Jun 10, 2014 Bonnie_blu rated it really liked it  ·  review of another edition
Shelves: history
This is an interesting and complex analysis of the rise of ping pong (table tennis) in the West and its promotion in the East by an English traitor / spy for the Soviets. Griffin traces the history of ping pong and how Ivor Montagu, a British noble, fell in love with the game. He also became a dedicated Communist and staunch follower of Stalin. Montagu used the game, his position, and his family and friends to betray Britain and advance the Soviet cause. Stalin recognized the power of sport on ...more
W. Derek Atkins
Nov 24, 2014 W. Derek Atkins rated it it was amazing
In this book that traces the history of ping pong, Nicholas Griffin gives us a fascinating peek behind the curtain at some of the 20th century's great rivals. Who knew that a privileged Briton would revive a game for the purpose of advancing Communism throughout the world? And who knew that a team of nobodies would end up opening the door to a massive geopolitical transformation? And yet, Nicholas Griffin pulls no punches, refusing to whitewash the horrors of Communist misrule, nor glossing over ...more
Mar 30, 2014 Mike rated it really liked it
A Good read and the writing was good. The author wrote about the "behind the curtain" events and personalities that contributed to the US and China initial diplomatic interactions in 1971. Mr. Griffin did a good job of describing the personalities and how they fit into these events without being super long and laborious. However it never ceases to amaze me how people from the west, such as Mr. Montague, who is from a high ranking English family and well educated, could fall in love with ...more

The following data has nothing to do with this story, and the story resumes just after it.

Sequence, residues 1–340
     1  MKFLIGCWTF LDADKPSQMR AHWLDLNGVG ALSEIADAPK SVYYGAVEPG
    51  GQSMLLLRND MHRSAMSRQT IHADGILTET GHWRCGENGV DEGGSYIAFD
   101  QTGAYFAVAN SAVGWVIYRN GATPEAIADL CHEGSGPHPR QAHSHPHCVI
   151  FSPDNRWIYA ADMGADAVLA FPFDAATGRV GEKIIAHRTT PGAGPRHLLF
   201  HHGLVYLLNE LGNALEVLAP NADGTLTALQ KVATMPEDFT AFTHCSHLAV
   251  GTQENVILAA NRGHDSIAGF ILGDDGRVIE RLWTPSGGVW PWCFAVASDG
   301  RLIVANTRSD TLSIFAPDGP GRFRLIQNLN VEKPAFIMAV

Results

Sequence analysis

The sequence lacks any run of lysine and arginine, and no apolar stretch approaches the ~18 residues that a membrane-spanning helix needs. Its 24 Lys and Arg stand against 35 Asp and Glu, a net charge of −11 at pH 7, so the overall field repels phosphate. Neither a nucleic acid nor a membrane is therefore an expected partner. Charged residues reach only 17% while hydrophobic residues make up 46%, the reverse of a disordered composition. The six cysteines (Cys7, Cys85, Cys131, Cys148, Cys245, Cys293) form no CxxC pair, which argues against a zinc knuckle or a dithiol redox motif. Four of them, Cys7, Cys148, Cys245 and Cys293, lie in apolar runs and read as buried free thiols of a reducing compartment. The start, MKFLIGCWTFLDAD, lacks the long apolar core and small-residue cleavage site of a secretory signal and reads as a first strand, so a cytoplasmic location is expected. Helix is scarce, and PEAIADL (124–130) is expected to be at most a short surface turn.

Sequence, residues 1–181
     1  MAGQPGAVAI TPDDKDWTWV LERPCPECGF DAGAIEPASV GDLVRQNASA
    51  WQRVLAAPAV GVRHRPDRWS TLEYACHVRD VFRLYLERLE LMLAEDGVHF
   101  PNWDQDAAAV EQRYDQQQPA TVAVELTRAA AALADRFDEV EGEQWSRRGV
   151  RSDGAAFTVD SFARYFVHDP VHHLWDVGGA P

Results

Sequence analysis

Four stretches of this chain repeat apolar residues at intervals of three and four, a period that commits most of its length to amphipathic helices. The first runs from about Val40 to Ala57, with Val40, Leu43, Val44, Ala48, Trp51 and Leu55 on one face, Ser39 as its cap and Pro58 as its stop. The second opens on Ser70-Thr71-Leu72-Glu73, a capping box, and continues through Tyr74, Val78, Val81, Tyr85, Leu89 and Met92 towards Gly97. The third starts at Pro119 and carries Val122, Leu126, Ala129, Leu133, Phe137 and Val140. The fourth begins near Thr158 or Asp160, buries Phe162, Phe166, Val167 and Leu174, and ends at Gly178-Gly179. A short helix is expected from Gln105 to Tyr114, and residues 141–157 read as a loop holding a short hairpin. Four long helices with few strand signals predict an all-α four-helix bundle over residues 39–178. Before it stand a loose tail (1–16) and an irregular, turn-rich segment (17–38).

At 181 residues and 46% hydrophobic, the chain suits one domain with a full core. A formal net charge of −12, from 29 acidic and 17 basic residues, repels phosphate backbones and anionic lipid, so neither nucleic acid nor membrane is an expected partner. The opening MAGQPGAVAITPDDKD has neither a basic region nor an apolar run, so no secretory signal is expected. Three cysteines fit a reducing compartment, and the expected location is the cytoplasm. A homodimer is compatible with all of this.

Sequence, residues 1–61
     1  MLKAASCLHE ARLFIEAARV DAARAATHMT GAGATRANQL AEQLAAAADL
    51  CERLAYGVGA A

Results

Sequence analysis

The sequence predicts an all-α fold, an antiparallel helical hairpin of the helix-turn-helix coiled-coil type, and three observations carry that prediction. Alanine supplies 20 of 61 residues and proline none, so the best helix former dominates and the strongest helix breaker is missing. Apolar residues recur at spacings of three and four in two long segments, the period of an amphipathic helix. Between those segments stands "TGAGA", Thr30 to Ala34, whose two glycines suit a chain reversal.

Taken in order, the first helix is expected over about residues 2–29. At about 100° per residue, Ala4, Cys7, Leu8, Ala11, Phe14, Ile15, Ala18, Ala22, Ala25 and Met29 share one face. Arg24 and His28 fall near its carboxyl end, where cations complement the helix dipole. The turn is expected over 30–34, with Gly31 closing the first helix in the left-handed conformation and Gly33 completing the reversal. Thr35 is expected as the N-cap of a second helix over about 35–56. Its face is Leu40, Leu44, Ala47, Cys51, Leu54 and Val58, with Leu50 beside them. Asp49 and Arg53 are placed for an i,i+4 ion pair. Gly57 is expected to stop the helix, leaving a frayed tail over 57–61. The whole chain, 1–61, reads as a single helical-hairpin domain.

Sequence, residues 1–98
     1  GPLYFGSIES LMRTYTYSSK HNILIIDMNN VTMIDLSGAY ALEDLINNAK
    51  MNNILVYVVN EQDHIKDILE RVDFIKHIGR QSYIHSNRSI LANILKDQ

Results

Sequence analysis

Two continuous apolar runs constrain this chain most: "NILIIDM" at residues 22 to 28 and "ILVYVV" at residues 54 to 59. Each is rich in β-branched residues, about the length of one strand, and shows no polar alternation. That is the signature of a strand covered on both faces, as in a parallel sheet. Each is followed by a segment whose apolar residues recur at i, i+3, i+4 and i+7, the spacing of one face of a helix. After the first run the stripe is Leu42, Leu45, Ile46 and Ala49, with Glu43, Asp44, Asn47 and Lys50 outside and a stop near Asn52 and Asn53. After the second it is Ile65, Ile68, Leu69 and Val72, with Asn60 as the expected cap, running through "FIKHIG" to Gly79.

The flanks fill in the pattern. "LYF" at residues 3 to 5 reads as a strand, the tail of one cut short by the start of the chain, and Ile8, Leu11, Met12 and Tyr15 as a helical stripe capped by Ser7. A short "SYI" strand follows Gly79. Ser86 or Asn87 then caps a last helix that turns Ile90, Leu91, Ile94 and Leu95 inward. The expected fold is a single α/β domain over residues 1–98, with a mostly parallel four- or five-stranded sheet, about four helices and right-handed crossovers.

Vika Ryabova
Jan 27, 2014 Vika Ryabova rated it really liked it
Пинг-понговая дипломатия – это устоявшийся термин для событий, приведших к началу официального диалога между Китаем и США и потеплению отношений между странами. Книга – документальное произведение о том, как все это начиналось и развивалось, но читается как увлекательный роман, особенно первые процентов 70, когда автор рассказывает об Айворе Монтегю. Автор отлично выписывает портреты героев, рассказывает, что лежало за их поступками.

Мне лично было очень интересно – о многом я не знала, что-то «
Mar 02, 2016 Lucy added it
A non-fiction that starts off with a young British aristocrat, Ivor Montagu, who's obsession with ping pong and devotion to communism lands him a spy gig for the Soviet Union. Um what??

That's really only the beginning of this bizarre story of a sport that helps Ivor spread communism like Stalin's salami tactics did in the basements of Eastern Europe. His table tennis tournaments and ultimately world championships bring communist China to the international table eventually helping forge a relatio
Feb 03, 2014 Tom rated it liked it
I kept waiting for this narrative to get really good. The history of table tennis was interesting enough. The travails of top Chinese table tennis stars and their interactions with Chairman Mao, Zhou Enlai, and top CCP brass during turbulent times also made for a good read. But, when the book reaches its supposed climax, the use of ping pong players to facilitate the Washington-Beijing thaw of the early 70s, the action didn't actually pick up. It just never made the jump from good to very good.